24. Configure a Script Activity, paste the following script to the Script Body text fieldimport-module SMLets
    $size1 = “$InstanceSize”
    $size2 = $size1 -replace “{“, “”
    $size3 = $size2 -replace “}”, “”
    $size4 = get-scsmenumeration -id $size3
    $SizeName = $size4.DisplayName
    Start-SmaRunbook -WebServiceEndpoint https://wap01 -Name “SCSM__Deploy_New_VM” -Parameters @{“InstanceSize”=”$SizeName”; “VMName”=”$VMName”;”ActivityID”=”$ActivityID”}The script first imports the SMLets PowerShell module. The SMLets module is used to convert the GUID for the list value (enum value) into displayname. For example from Service Manager the workflow gets {300dfe04-a0a0-e5fc-8892-963e7146d86c} instead of Medium, as VM Size. Before we can convert the GUID into a displaystring we must remove “{” and “}”, which the two replace lines do. We then start the runbook and pass on three parameters, VM name, VM Size and the activity ID. This example script starts a SMA runbook named SCSM__Deploy_New_VM and the SMA web service has adress https://wap01
  25. Configure a Script Activity, click Script Properties. Create three parameters. Use class properties from the Contoso.SMA.DeployVM class for all three parameters. Use the ID property from the class for the ActivityID property. Click OK
  26. The activity and management pack is now ready to import. Great work! Save the management pack in the Service Manager Authoring Tool
  27. Copy the workflow dll, ContosoSMAInvokeRunbook.dll from the management pack folder to Service Manager installation folder (C:\Program Files\Microsoft System Center 2012 R2\Service Manager) and then restart the Microsoft Monitoring Agent on the Service Manager management server running workflow
  28. You can now open Service Manager console and import the management pack
  29. In the Service Manager Console, browse to Library and Lists, open the VM Size list
  30. List Properties, add the following items, that are all Azure VM sizes, click OKExtraSmall
    Small
    Medium
    Large
    ExtraLargeFor more information about Windows Azure VM sizes look at http://www.windowsazure.com/en-us/pricing/details/virtual-machines/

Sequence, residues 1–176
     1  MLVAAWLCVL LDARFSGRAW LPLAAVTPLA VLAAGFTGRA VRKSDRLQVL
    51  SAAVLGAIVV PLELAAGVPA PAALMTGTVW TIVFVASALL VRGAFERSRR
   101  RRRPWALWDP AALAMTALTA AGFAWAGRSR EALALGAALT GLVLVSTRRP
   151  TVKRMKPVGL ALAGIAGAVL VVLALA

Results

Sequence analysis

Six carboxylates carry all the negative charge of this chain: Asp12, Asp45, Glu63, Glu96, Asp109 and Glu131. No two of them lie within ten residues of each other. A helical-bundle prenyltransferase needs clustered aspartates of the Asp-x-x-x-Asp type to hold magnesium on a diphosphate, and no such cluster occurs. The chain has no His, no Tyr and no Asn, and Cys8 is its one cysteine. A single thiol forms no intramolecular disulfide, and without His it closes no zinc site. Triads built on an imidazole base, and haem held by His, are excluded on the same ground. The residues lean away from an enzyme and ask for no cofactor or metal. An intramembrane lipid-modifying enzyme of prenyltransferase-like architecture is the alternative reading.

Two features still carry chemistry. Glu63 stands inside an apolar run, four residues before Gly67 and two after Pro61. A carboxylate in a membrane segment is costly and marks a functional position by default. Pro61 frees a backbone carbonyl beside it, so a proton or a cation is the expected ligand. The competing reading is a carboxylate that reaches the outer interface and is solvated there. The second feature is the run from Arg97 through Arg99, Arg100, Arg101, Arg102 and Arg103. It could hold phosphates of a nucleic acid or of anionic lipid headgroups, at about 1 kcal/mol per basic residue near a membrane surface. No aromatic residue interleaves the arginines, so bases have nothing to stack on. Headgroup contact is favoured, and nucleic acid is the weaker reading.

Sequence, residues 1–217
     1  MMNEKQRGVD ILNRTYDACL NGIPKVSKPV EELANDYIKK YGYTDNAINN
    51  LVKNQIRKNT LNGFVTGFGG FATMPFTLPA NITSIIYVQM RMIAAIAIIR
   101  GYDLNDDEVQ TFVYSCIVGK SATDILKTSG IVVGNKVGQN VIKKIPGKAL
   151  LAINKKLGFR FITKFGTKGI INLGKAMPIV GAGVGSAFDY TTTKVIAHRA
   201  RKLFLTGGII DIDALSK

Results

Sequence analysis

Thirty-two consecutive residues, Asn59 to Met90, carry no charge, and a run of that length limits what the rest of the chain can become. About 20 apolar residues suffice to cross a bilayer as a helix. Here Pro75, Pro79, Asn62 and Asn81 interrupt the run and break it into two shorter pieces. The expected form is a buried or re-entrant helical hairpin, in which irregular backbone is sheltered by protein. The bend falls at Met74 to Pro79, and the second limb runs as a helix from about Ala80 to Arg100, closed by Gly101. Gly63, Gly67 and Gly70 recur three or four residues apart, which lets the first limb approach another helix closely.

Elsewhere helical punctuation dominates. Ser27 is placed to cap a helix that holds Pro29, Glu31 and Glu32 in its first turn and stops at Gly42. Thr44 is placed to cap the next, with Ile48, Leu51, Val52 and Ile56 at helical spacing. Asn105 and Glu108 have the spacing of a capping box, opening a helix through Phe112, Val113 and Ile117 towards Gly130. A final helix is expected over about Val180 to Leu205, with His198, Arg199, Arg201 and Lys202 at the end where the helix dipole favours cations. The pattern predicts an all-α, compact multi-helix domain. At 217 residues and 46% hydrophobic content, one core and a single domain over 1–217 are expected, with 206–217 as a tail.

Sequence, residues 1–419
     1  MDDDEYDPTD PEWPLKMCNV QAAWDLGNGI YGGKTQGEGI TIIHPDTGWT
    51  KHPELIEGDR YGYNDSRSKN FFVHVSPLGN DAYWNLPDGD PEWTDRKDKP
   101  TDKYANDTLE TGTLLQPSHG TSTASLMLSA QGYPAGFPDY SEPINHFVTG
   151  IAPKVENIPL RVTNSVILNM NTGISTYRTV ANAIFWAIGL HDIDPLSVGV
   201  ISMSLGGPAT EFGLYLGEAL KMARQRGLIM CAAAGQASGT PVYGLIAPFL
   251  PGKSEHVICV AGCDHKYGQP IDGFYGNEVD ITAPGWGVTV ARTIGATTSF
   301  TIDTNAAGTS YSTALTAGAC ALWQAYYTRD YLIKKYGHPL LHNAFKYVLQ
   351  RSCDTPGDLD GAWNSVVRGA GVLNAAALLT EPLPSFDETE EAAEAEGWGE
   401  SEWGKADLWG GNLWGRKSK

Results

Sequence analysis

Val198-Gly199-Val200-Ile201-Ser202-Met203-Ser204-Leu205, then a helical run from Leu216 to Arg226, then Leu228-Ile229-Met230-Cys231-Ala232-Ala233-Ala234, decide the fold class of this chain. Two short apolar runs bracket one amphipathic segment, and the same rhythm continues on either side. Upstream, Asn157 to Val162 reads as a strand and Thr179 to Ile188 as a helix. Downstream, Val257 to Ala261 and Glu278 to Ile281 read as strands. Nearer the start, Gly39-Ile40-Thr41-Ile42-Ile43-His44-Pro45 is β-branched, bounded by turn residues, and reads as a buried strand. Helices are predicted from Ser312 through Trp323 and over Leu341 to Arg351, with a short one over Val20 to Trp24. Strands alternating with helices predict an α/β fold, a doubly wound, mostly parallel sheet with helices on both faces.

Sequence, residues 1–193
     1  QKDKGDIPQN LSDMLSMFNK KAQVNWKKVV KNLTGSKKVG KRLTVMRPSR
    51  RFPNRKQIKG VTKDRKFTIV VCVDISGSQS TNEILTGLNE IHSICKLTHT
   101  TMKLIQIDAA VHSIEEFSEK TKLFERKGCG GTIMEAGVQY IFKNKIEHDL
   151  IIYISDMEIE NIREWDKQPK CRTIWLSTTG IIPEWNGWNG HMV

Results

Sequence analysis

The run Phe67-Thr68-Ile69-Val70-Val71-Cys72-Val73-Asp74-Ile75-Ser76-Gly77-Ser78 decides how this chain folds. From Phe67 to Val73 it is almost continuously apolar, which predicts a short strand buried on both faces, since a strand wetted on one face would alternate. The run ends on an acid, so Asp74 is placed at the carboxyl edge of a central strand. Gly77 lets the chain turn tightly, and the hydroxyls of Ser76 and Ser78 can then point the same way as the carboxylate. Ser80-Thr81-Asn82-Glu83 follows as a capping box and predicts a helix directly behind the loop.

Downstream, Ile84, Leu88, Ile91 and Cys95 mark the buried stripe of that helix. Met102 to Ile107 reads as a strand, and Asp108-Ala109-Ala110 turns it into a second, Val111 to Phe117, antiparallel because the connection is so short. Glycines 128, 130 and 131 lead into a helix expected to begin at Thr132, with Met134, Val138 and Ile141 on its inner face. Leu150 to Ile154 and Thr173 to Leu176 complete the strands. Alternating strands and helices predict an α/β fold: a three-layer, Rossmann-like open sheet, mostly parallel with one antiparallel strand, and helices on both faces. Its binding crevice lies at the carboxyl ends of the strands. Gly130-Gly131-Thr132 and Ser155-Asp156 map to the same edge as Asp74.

31. In the Service Manager Console, browse to Library and Templates, click Create Template
  32. Create Template, input a name, for example Contoso SMA Deploy Azure VM. Select Contoso.SMA.DeployVM as Class and click OK
  33. Contoso.SMA.DeployVM Properties, input Contoso SMA Deploy Azure VM as Display Name and click OK
  34. You can now use the new activity anywhere you like, for example service request templates.

 

But what about the SMA runbook?

SMA Runbook

The SMA runbook is attached to this blog post. The important part of the runbook, or the really interesting part of it, is the last part of the runbook. This part creates a remote PowerShell session to the Service Manager server (SM01) and marks the activity as completed, the work item will now move on to the next activity.

Inlinescript {
$session = new-pssession -ComputerName SM01
Invoke-Command -Session $session {
$workitem = Get-SCSMObject -Class (get-scsmclass -name Contoso.SMA.DeployVM) | Where-Object {$_.ID -eq “$using:ActivityID”}
$workitem | Set-SCSMObject -Property Status -Value Completed
}

 

In the Windows Azure Pack portal you can see the SMA runbook start and you can also see the input parameters coming from Service Manager

 Summary

This post show you an example of how to invoke a SMA runbook from Service Manager with a custom activity.

This example is written in a very simply way, no complicated configuration or requirements. For example you might want to add error handling in the script, handle situation when SMLets can’t be loaded or Service Manager can’t be contacted. In both those cases you want to set the activity status to failure in Service Manager. Also it is a good practices to seal management packs that include class structure.

Note that this is provided “AS-IS” with no warranties at all. This is not a production ready solution, just an idea and an example.

4 thoughts on “Building a SMA activity for Service Manager

Leave a Reply

Your email address will not be published. Required fields are marked *